Welcome to St. James’!
Ash Wednesday Services – February 10 (click on the link for service times)
Also, on Ash Wednesday Silent Meditation meets in the Little Church 5:45-6:15pm, and 6:15-6:45pm. If you wish to pray or meditate prior to the 7pm service, you are welcome to join us.
Lenten Soup Suppers and Class, “The Journey to Freedom” – February 16-March 15
St. James’ has been part of the Fremont community since 1867. We are a diverse community of friends and neighbors, old and young, long-term members and newcomers. Our present and future is based on our own efforts to work together for our neighbors, welcoming and accepting all people. Many of us have come to St. James’ as tourists or nomads and by welcoming St. James’ into our hearts, are now pilgrims, sharing our gifts and talents to make the love of God and Jesus Christ known to any seeking them. Our 10:30 service is projected onto a screen to assist those who are deaf or hearing impaired.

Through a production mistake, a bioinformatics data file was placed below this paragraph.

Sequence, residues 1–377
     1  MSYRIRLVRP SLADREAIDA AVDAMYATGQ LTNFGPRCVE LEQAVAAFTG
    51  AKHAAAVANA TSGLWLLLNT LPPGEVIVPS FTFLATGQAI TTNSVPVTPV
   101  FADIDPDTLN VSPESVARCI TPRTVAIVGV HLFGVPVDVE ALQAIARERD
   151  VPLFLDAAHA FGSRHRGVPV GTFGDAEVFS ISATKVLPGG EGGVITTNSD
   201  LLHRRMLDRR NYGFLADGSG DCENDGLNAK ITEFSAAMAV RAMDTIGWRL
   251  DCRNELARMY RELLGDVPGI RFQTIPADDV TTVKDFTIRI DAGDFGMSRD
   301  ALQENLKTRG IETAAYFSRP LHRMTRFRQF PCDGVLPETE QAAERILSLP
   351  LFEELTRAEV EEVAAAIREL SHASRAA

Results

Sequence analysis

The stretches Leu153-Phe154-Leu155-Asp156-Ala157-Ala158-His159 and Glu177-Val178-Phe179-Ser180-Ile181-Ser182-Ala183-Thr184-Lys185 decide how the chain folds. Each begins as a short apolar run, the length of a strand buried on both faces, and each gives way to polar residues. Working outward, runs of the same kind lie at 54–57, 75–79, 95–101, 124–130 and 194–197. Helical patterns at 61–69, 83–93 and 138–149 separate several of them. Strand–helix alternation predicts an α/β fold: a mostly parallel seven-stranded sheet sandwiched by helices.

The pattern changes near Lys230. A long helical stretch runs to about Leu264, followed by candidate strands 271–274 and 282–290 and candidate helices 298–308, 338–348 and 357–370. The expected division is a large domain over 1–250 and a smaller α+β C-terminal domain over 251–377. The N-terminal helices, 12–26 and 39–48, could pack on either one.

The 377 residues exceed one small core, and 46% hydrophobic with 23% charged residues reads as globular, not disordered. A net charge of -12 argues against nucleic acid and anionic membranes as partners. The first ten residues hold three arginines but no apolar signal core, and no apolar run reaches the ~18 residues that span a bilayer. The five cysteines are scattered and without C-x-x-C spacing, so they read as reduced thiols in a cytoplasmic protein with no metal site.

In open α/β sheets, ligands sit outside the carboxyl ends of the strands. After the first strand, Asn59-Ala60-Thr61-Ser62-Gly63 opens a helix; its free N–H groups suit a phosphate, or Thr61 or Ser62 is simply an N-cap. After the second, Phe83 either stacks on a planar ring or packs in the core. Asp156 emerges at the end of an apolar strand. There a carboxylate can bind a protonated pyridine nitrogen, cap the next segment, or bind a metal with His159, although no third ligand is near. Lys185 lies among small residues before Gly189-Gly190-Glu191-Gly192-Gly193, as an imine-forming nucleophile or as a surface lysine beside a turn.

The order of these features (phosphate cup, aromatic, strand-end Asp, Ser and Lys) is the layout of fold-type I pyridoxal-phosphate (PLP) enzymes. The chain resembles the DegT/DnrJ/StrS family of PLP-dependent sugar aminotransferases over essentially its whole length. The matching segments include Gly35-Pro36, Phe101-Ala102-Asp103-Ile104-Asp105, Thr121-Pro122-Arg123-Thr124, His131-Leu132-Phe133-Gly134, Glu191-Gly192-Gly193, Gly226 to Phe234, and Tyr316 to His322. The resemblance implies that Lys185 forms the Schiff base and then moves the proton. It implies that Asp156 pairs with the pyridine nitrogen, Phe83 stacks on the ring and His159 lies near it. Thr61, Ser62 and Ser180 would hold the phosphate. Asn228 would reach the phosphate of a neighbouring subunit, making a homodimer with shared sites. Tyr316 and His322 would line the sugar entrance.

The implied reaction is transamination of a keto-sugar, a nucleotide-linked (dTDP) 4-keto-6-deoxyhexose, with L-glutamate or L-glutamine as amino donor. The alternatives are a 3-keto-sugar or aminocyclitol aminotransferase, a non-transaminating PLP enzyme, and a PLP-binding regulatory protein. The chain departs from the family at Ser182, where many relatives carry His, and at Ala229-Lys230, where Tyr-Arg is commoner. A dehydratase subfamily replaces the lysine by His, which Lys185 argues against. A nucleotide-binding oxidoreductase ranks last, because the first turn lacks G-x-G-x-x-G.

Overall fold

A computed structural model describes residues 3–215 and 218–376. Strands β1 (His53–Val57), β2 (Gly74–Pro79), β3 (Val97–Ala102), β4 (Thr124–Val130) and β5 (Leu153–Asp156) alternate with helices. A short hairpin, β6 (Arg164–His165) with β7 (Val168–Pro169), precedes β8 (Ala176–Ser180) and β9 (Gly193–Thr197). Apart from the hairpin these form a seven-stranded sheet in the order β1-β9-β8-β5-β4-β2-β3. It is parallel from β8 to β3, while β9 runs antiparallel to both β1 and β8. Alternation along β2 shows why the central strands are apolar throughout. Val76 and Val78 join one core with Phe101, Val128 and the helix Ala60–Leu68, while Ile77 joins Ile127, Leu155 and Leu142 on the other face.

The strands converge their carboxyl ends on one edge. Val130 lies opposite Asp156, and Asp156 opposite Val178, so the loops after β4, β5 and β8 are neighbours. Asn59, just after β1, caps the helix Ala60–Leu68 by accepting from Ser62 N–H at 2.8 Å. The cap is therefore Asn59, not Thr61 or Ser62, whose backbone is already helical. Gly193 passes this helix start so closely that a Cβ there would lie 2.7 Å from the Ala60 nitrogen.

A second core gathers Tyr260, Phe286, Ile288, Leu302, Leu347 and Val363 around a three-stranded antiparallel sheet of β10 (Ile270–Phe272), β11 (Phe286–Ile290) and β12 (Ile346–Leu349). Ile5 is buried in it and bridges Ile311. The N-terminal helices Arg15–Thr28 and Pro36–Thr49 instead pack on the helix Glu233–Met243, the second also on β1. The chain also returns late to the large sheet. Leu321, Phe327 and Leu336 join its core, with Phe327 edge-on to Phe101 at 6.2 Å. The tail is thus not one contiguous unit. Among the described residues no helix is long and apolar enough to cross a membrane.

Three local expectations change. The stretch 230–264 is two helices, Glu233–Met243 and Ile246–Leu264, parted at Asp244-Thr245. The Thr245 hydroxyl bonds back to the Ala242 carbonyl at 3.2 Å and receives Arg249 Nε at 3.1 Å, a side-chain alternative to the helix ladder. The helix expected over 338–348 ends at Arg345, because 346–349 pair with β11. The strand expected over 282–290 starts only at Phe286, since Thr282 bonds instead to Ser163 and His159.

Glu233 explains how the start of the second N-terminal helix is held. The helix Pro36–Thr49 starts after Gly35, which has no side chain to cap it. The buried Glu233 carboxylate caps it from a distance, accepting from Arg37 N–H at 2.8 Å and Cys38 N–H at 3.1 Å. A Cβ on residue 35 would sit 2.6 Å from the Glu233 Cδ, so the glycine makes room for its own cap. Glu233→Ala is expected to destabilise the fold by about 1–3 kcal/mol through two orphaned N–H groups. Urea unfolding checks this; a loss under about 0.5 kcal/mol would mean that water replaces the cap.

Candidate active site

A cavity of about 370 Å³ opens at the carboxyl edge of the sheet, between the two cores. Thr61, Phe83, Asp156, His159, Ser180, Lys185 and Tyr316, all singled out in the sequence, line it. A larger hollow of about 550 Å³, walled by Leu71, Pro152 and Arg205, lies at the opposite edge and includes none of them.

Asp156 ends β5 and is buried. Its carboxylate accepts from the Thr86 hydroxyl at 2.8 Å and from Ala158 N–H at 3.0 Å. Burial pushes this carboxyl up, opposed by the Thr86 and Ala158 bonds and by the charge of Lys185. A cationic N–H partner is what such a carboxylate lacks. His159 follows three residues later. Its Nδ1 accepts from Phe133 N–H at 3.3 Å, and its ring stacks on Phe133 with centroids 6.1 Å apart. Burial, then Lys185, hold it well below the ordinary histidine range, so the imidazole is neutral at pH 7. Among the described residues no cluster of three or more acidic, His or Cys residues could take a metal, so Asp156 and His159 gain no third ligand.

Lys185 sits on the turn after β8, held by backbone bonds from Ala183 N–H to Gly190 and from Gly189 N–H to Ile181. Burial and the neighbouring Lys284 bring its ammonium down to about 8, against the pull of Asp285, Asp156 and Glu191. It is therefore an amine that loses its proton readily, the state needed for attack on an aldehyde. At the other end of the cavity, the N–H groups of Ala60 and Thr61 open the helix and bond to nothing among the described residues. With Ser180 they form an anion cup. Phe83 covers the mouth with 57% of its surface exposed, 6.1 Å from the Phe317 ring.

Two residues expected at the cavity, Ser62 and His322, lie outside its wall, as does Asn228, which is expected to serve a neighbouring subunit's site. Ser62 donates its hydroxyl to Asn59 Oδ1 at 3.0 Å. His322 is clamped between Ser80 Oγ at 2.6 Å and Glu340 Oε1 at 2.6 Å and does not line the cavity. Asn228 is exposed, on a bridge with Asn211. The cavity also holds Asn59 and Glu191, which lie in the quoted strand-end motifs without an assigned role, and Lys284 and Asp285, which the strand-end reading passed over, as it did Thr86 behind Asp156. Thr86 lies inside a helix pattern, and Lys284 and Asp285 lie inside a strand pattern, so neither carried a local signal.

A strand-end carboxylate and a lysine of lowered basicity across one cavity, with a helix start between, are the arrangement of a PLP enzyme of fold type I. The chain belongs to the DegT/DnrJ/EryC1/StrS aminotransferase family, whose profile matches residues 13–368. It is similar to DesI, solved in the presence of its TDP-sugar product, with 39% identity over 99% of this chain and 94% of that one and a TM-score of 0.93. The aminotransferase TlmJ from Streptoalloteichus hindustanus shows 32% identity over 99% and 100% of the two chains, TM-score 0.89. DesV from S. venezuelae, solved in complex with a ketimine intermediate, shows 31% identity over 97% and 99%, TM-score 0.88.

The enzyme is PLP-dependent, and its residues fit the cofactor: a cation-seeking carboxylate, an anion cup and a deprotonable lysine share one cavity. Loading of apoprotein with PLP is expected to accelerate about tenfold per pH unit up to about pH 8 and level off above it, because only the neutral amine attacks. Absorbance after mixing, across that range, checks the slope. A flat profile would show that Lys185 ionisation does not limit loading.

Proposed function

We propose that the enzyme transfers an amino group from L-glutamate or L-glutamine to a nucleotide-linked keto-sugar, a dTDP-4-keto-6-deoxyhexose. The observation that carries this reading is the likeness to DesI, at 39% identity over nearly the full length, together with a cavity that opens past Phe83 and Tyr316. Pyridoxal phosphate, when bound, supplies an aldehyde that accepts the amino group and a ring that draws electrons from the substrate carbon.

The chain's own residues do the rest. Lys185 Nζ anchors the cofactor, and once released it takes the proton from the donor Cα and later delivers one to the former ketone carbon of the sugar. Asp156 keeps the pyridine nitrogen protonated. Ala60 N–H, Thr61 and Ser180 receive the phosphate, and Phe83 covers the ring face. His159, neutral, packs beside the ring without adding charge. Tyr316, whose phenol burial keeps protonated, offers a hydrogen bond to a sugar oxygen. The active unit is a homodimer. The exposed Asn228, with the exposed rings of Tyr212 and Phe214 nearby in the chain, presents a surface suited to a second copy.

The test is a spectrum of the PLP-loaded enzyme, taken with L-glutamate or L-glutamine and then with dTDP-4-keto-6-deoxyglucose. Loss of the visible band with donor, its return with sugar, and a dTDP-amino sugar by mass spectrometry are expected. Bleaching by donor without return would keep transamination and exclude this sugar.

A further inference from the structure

St. James’ offers many opportunities for self-renewal, reflection, fellowship, and service to others. If you are interested in knowing more about any of our ministries or programs please contact the church office.
We invite you to join us in whatever degree or capacity you able: we are an inclusive, multi-cultural congregation that welcomes all seekers and people of good will.
Our Latest News
Visit our Blog for up-to-date stories from St. James’, including these most recent posts:
- TCIC Statement in Support of the Muslim Community - The Tri-City Interfaith Council condemns the inflammatory rhetoric and acts of aggression that are taking place against the Muslim community in the United States. These actions are unacceptable and only promote divisiveness in our country.We view this discrimination, not only as immoral, but as counter to the very premise upon which our country was founded. We are a nation of
- Sermon for January 31 2016 - Gospel: Luke 4:21-30. Sermon by Rev Lori Walton.
- Finance and Spirituality – A Double Challenge - What does the financial health of a church have to do with the spiritual health of a church? This is a question that I have often pondered. I want to share some of my thoughts on this matter. A spiritually healthy church: has clergy who can focus on meeting the spiritual needs of the church